Dont Look Back is a 1967 documentary film by D.A. Pennebaker that principally covers Bob Dylan's 1965 concert tour of the United Kingdom.
In 1998, the film was selected for preservation in the United States National Film Registry by the Library of Congress as being "culturally, historically, or aesthetically significant".
The film features Joan Baez, Donovan and Alan Price (who had just left The Animals), Dylan's manager Albert Grossman and his road manager Bob Neuwirth; Marianne Faithfull, John Mayall and Ginger Baker may also be glimpsed in the background. The film shows a young Dylan: confident if not arrogant, confrontational and contrary, but also charismatic and charming. Notable scenes include:
Dylan's romance with Baez had pretty much run its course by the time of the tour, and the film candidly captures what essentially amounts to their breakup.
The opening scene of the film also served as a kind of music video for Dylan's song "Subterranean Homesick Blues", in which the singer displays and discards a series of cue cards bearing selected words and phrases from the lyrics (including intentional misspellings and puns). Allen Ginsberg makes a cameo appearance during this episode.
Release and re-releases
The film was first shown publicly May 17, 1967, at the Presidio Theater in San Francisco, and opened that September at the 34th Street East Theater in New York.
Dont Look Back has been available on DVD for several years. It was digitally-remastered and re-released on DVD February 27, 2007. The two-disc edition contained the remastered film, five additional audio tracks, commentary by filmmaker D.A. Pennebaker and Tour Road Manager Bob Neuwirth, an alternate version on the video for "Subterranean Homesick Blues", the original companion book edited by D.A. Pennebaker to coincide with the film's release in 1968, a flip-book for a section of the "Subterranean Homesick Blues" video, and a brand new documentary by D.A. Pennebaker and edited by Walker Lamond called 65 Revisited. The DVD packaging was also given new artwork.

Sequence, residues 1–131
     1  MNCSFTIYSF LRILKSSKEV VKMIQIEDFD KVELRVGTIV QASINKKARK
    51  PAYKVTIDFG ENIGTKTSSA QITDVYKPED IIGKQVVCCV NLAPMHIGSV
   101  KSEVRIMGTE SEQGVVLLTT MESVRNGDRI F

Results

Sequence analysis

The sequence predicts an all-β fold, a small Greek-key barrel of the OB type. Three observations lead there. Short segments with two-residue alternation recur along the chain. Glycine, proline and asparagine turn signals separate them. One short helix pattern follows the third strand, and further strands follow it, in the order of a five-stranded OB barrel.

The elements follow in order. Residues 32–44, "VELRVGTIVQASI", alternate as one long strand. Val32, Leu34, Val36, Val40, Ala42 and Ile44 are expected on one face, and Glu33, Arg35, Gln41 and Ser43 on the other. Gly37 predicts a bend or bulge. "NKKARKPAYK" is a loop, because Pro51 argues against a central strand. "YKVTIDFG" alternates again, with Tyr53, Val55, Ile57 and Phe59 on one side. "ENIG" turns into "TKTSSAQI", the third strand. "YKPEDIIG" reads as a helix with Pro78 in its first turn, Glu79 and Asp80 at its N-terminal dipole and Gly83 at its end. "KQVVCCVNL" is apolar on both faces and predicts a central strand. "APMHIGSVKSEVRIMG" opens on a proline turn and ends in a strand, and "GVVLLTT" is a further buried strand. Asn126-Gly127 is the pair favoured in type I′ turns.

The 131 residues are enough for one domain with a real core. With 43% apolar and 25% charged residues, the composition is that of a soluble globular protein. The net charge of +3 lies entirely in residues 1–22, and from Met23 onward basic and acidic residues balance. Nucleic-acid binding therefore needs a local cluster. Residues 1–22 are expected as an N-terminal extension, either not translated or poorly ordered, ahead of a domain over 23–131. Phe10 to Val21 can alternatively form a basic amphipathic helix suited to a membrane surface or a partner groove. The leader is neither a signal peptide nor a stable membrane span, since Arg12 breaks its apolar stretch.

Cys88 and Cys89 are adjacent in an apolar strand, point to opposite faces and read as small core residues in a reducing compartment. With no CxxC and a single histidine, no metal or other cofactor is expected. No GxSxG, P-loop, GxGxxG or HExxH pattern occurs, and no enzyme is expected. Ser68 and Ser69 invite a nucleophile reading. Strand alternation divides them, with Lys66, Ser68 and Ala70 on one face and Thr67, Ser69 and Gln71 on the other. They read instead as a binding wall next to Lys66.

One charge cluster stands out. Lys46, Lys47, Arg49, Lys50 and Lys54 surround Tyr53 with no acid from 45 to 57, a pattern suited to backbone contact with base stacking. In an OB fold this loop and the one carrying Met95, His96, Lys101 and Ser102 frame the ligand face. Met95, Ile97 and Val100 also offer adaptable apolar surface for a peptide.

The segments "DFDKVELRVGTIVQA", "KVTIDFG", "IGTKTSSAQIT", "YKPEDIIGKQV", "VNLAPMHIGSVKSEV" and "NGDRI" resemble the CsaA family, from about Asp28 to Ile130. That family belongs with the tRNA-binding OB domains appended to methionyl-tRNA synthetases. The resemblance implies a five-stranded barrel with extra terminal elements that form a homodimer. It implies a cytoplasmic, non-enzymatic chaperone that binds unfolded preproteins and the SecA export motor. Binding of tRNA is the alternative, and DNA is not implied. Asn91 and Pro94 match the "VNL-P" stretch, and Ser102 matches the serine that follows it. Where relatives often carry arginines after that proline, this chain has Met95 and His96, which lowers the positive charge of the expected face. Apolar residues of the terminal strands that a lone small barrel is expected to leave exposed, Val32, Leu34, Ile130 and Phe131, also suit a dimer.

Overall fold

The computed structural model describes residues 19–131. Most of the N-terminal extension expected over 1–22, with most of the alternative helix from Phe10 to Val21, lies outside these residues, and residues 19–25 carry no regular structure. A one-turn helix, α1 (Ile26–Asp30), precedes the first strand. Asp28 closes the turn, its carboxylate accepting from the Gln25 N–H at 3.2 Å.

A transcript of the film, with photographs, was published in 1968 by Ballantine Books.
Influences on popular culture
- The band Belle & Sebastian reference the movie in their 1996 album If You're Feeling Sinister during the song "Like Dylan in the Movies" (refrain: "And if they follow you/don't look back/like Dylan in the movies").
- Jill Sobule references the movie in her 2000 album Pink Pearl during the song "Heroes" (lyric: "Dylan was so mean to Donovan in that movie").
- INXS pay tribute to the opening sequence in their video for "Mediate" from their 1987 album, Kick.
"Give the anarchist a cigarette"
"Give the anarchist a cigarette" is uttered by Dylan upon learning that he had been pejoratively labeled as an anarchist
by various newspapers in 1965. The event is captured in the final scene of the documentary.
The phrase has since passed into popular culture in several instances.
- A bootleg album of live Bob Dylan songs has been called "Give the Anarchist a Cigarette".
- A film has also been given the title Give the Anarchist a Cigarette.
- The phrase has since been used by the anarcho-punk band Chumbawamba for the title of a song on their album Anarchy. The song is about Bob Dylan and includes the lyrics, "Give the anarchist a cigarette/ 'Cause that's as close as he's ever going to get/ Bobby just hasn't earned it yet".
- It is also the title of the autobiography by Mick Farren, a musician and anarchist.
Dave Saunders, 2007: Direct Cinema: Observational Documentary and the Politics of the Sixties
, London, Wallflower Press. This book contains a lengthy chapter on Don't Look Back
and its cultural context and significance.